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    Adult Non-Hodgkin Lymphoma Treatment (PDQ®): Treatment - Health Professional Information [NCI] - Non-Hodgkin Lymphoma During Pregnancy

    General Information About NHL During Pregnancy

    Non-Hodgkin lymphomas (NHLs) occur more frequently than Hodgkin lymphoma in an older population. This age difference may account for fewer reports of NHL in pregnant patients.[1]

    Stage Information for NHL During Pregnancy

    To avoid exposure to ionizing radiation, magnetic resonance imaging is the preferred tool for staging evaluation.[2] (Refer to the Stage Information for Adult NHL section of this summary for more information.)

    Treatment Option Overview for NHL During Pregnancy

    Table 5. Treatment Options for NHL During Pregnancy

    Stage Standard Treatment Options
    Indolent NHL During Pregnancy Delay treatment until after delivery
    Aggressive NHL During Pregnancy Immediate therapy
    Early delivery, when feasible
    Termination of pregnancy

    Indolent NHL During Pregnancy

    Treatment may be delayed for those women with an indolent NHL.

    Aggressive NHL During Pregnancy

    Immediate therapy

    According to anecdotal case series, most NHLs in pregnant patients are aggressive, and delay of therapy until after delivery appears to have poor outcomes.[1,3,4,5] Consequently, some investigators favor immediate therapy, even during pregnancy.[5] In a review of 121 patient case reports from 74 papers, one-half of the patients had very aggressive lymphomas, such as Burkitt lymphoma, and one-half of the patients had involvement of the breast, ovaries, uterus, or placenta.[6] One-half of the patients received therapy antepartum, and the 6-month survival was reported at 53%, with a live-birth rate of 83%.[6][Level of evidence: 3iiiDiv]

    Early delivery when feasible

    For some women, early delivery, when feasible, may minimize or avoid exposure to chemotherapy or radiation therapy.

    Termination of pregnancy

    Termination of pregnancy in the first trimester may be an option that allows immediate therapy for women with aggressive NHL.

    Evidence (treatment effect on children exposed in utero):

    • With follow-up ranging from several months to 11 years, children who were exposed to high-dose doxorubicin-containing combination chemotherapy in utero (especially during the second and third trimester) have been found to be normal.[5,7,8,9] For most of the chemotherapeutic agents used for the treatment of NHL, there are no data regarding long-term effects on children exposed in utero.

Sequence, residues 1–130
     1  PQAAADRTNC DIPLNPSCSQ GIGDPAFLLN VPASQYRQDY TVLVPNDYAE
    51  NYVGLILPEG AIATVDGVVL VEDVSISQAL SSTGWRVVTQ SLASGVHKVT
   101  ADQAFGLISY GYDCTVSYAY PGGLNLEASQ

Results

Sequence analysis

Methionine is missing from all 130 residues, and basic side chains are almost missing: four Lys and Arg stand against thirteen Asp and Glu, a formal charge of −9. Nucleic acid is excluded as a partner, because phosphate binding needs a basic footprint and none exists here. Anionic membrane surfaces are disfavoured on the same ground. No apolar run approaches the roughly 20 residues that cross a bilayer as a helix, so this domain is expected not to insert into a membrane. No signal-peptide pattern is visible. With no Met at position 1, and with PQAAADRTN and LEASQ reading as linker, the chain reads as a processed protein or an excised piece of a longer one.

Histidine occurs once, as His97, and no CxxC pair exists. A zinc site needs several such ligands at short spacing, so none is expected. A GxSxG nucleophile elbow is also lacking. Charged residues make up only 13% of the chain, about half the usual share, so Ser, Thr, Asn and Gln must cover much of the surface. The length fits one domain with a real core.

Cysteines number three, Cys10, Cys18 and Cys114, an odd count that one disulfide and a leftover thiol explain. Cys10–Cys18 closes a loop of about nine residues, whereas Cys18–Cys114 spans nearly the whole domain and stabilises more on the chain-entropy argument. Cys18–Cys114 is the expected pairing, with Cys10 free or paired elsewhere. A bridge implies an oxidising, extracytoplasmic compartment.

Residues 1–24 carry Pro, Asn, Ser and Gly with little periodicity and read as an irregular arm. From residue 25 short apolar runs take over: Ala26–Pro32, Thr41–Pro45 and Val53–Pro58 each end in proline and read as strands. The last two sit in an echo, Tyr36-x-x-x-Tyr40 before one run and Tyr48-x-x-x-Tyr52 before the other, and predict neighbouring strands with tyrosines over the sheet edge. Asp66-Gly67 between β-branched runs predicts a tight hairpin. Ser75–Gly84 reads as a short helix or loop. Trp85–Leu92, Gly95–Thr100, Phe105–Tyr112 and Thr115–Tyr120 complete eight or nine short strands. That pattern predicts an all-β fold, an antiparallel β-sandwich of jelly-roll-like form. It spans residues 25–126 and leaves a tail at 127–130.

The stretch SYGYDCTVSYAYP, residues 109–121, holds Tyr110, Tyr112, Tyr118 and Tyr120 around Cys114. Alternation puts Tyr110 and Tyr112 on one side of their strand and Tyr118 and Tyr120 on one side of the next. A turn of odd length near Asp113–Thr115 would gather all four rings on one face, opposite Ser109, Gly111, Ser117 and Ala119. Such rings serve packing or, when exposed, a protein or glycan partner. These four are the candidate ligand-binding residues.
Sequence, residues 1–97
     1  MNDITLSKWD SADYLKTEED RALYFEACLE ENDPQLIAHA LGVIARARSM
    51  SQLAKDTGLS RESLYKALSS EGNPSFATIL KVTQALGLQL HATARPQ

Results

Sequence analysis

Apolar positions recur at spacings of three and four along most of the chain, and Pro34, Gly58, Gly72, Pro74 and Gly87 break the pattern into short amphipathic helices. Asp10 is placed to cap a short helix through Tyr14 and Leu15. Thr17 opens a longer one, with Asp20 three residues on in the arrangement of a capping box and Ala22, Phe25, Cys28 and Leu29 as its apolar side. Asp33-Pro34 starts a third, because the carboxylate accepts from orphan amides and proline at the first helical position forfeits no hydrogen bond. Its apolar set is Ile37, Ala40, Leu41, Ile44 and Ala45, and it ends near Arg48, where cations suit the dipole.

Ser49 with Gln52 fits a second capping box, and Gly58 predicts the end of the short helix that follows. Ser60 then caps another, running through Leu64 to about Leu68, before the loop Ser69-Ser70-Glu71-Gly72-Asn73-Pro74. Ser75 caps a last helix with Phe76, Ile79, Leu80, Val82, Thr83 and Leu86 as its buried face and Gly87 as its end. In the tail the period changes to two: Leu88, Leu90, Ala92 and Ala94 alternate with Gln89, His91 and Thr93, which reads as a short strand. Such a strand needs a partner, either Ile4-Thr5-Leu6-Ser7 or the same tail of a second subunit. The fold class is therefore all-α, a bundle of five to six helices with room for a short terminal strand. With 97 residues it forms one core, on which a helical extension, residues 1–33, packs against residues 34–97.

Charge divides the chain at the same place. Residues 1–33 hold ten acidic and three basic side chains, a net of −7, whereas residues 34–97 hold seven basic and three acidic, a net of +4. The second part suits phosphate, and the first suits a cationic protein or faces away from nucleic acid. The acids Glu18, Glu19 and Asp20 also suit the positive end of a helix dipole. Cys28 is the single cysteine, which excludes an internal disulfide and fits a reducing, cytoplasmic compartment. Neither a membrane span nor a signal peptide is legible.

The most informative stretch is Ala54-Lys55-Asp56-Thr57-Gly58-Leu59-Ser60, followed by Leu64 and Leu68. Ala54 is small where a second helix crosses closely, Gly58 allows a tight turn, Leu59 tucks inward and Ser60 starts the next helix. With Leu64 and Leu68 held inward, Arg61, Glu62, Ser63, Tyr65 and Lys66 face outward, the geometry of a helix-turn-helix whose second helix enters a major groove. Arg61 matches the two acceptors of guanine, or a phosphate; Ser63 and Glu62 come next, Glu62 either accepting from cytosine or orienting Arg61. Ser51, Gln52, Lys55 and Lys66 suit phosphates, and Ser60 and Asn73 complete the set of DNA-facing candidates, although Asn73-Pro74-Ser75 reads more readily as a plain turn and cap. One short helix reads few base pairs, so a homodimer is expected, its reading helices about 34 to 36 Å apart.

1. Ward FT, Weiss RB: Lymphoma and pregnancy. Semin Oncol 16 (5): 397-409, 1989.
    2. Nicklas AH, Baker ME: Imaging strategies in the pregnant cancer patient. Semin Oncol 27 (6): 623-32, 2000.
    3. Steiner-Salz D, Yahalom J, Samuelov A, et al.: Non-Hodgkin's lymphoma associated with pregnancy. A report of six cases, with a review of the literature. Cancer 56 (8): 2087-91, 1985.
    4. Spitzer M, Citron M, Ilardi CF, et al.: Non-Hodgkin's lymphoma during pregnancy. Gynecol Oncol 43 (3): 309-12, 1991.
    5. Gelb AB, van de Rijn M, Warnke RA, et al.: Pregnancy-associated lymphomas. A clinicopathologic study. Cancer 78 (2): 304-10, 1996.
    6. Horowitz NA, Benyamini N, Wohlfart K, et al.: Reproductive organ involvement in non-Hodgkin lymphoma during pregnancy: a systematic review. Lancet Oncol 14 (7): e275-82, 2013.
    7. Avilés A, Díaz-Maqueo JC, Torras V, et al.: Non-Hodgkin's lymphomas and pregnancy: presentation of 16 cases. Gynecol Oncol 37 (3): 335-7, 1990.
    8. Moore DT, Taslimi MM: Multi-agent chemotherapy in a case of non-Hodgkin's lymphoma in second trimester of pregnancy. J Tenn Med Assoc 84 (9): 435-6, 1991.
    9. Nantel S, Parboosingh J, Poon MC: Treatment of an aggressive non-Hodgkin's lymphoma during pregnancy with MACOP-B chemotherapy. Med Pediatr Oncol 18 (2): 143-5, 1990.

    This information is produced and provided by the National Cancer Institute (NCI). The information in this topic may have changed since it was written. For the most current information, contact the National Cancer Institute via the Internet web site at http:// cancer .gov or call 1-800-4-CANCER.

    WebMD Public Information from the National Cancer Institute

    Last Updated: May 28, 2015
    This information is not intended to replace the advice of a doctor. Healthwise disclaims any liability for the decisions you make based on this information.
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